“They are, in fact, further away than ever,” Hug said.
So far this year, OSCE ceasefire monitors have recorded more than 325,000 cease-fire violations in Ukraine, including 27,000 violations that involved the use of heavy weapons proscribed from the front lines by Minsk II.
Separatist officials claim Ukrainian government forces are the aggressors.
Yet, according to the OSCE, combined Russian-separatist forces commit the majority of cease-fire violations. Ukrainian forces say that when they break the ceasefire, they do so in self-defense.
This week, U.S. officials’ rhetoric underscored a growing frustration in Washington with Moscow’s role in the Ukraine conflict, particularly as conditions on the ground in the Donbas continue to deteriorate.
“We again call on Russia to stop artillery and rocket attacks against Ukrainian civilian areas and to honor the cease-fire called for in the Minsk agreements,” Nauert, the State Department spokesperson, said Wednesday in Washington.
At an OSCE Foreign Ministers meeting this week in Vienna, U.S. Secretary of State Rex Tillerson unequivocally called out Russia’s role in the Ukraine conflict.
“We should be clear about the source of this violence,” Tillerson said Thursday in Vienna. “Russia is arming, leading, training, and fighting alongside anti-government forces.”
Tillerson singled out the war in Ukraine as the paramount obstacle for U.S.-Russian relations.
“The issue that stands in the way is Ukraine,” Tillerson said, adding: “We can have differences in other arenas, in Syria. We can have differences in other areas. But when one country invades another, that is a difference that is hard to look past or to reconcile.”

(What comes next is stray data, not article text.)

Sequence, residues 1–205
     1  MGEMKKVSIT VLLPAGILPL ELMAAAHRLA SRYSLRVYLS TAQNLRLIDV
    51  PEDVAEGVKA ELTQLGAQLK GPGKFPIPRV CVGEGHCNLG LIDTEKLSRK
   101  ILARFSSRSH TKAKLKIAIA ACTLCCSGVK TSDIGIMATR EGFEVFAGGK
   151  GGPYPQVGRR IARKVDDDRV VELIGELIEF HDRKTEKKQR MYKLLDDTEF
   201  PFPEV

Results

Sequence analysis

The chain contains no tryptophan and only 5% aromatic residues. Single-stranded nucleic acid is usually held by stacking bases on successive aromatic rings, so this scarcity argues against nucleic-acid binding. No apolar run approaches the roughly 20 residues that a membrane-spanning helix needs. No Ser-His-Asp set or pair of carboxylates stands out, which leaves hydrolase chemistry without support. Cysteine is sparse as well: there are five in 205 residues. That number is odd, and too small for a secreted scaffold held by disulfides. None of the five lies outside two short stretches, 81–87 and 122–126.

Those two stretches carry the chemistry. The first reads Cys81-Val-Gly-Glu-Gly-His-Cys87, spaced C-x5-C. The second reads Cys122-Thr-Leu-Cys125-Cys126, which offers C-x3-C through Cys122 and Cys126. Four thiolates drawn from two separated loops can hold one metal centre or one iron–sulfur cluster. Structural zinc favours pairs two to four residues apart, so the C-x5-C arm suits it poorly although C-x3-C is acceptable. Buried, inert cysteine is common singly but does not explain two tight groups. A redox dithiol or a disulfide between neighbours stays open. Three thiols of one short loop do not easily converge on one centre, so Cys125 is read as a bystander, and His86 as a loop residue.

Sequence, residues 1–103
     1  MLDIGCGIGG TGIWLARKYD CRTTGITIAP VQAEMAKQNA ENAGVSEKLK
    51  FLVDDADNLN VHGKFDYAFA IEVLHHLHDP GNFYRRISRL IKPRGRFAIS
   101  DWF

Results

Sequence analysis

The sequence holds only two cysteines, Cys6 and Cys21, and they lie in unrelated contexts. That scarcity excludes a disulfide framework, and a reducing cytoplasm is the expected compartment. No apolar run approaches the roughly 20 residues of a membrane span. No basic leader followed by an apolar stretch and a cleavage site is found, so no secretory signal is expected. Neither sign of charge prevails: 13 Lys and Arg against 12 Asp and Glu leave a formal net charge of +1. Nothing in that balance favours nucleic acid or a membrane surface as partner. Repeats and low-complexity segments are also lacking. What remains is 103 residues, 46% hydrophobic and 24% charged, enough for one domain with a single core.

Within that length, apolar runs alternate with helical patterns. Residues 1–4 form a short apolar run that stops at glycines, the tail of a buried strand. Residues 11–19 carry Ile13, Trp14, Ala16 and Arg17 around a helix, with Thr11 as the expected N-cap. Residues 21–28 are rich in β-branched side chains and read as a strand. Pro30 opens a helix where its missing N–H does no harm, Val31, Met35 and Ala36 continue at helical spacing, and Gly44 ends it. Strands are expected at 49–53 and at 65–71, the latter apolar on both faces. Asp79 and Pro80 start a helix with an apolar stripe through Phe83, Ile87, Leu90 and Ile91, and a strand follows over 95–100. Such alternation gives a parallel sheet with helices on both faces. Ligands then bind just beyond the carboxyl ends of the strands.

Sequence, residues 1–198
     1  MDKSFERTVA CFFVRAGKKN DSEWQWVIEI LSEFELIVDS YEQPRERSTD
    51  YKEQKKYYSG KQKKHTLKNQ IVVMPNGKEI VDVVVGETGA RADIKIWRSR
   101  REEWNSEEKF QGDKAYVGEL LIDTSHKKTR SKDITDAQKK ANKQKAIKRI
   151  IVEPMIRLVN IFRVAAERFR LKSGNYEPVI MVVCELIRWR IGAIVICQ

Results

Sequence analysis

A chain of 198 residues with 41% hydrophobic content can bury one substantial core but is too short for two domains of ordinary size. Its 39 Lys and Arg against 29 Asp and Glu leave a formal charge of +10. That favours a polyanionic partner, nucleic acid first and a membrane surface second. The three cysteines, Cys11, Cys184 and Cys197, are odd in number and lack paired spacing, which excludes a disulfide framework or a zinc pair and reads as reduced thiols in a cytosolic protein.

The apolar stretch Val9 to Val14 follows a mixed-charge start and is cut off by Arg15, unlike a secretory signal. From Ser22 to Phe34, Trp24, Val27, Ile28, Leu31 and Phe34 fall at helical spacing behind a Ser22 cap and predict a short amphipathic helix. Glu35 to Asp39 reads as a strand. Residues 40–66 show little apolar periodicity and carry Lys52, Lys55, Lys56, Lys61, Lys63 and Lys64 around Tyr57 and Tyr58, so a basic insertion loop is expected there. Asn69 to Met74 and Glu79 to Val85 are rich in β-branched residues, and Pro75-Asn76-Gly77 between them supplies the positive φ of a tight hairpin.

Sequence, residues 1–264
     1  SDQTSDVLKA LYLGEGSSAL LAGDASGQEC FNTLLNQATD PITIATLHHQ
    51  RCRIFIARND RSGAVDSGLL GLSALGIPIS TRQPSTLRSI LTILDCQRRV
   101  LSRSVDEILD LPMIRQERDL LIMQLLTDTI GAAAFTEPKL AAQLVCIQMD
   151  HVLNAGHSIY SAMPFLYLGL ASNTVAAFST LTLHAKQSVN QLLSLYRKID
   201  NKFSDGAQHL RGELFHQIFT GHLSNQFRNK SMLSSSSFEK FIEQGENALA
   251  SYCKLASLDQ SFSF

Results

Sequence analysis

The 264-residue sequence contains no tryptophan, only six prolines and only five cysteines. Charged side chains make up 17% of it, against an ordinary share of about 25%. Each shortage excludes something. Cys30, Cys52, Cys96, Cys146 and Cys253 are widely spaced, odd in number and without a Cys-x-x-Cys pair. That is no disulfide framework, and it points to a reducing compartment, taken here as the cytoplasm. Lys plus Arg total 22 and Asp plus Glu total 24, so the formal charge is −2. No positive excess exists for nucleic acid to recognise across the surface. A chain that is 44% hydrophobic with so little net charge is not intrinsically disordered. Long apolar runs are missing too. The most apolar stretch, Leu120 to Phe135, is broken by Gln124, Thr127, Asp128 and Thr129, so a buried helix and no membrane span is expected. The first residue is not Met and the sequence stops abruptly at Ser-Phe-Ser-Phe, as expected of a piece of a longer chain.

In Moscow, officials maintained their line that Russia was not involved in the war.
“Russia is not present on the territory of Donbas, that’s why we consider that such words are inappropriate and wrong,” Kremlin spokesman Dmitry Peskov said Wednesday, according to the Russian news site TASS.
As the conflict in the Donbas goes into its fifth calendar year, its direct effects remain geographically quarantined from the rest of the country.
Ukraine is not a country at war. Russia’s proxy separatist territories comprise roughly 5 percent of Ukraine’s total landmass, and the war’s physical consequences only extend beyond the contact line as far as the range of the weapons used.
In cities hundreds of miles distant from the front lines, you’d hardly know this was the country in which Europe’s only land war is ongoing.
Life goes on. After all, for most Ukrainians not living in the war zone, the country’s post-revolution economic downturn and the tumbling value of the national currency have been more painful burdens to bear than the war.
Polling suggest that many Ukrainians see lingering governmental corruption as a threat on par with Russia’s proxy war in the Donbas.
According to an August poll by the International Republican Institute, a Washington think tank, 51 percent of Ukrainians surveyed rated corruption within state bodies as one of the three top issues facing the country, tied with the military conflict in the Donbas at 50 percent.
Meanwhile, what was once an acute humanitarian crisis in the eastern war zone has devolved into a long-term catastrophe.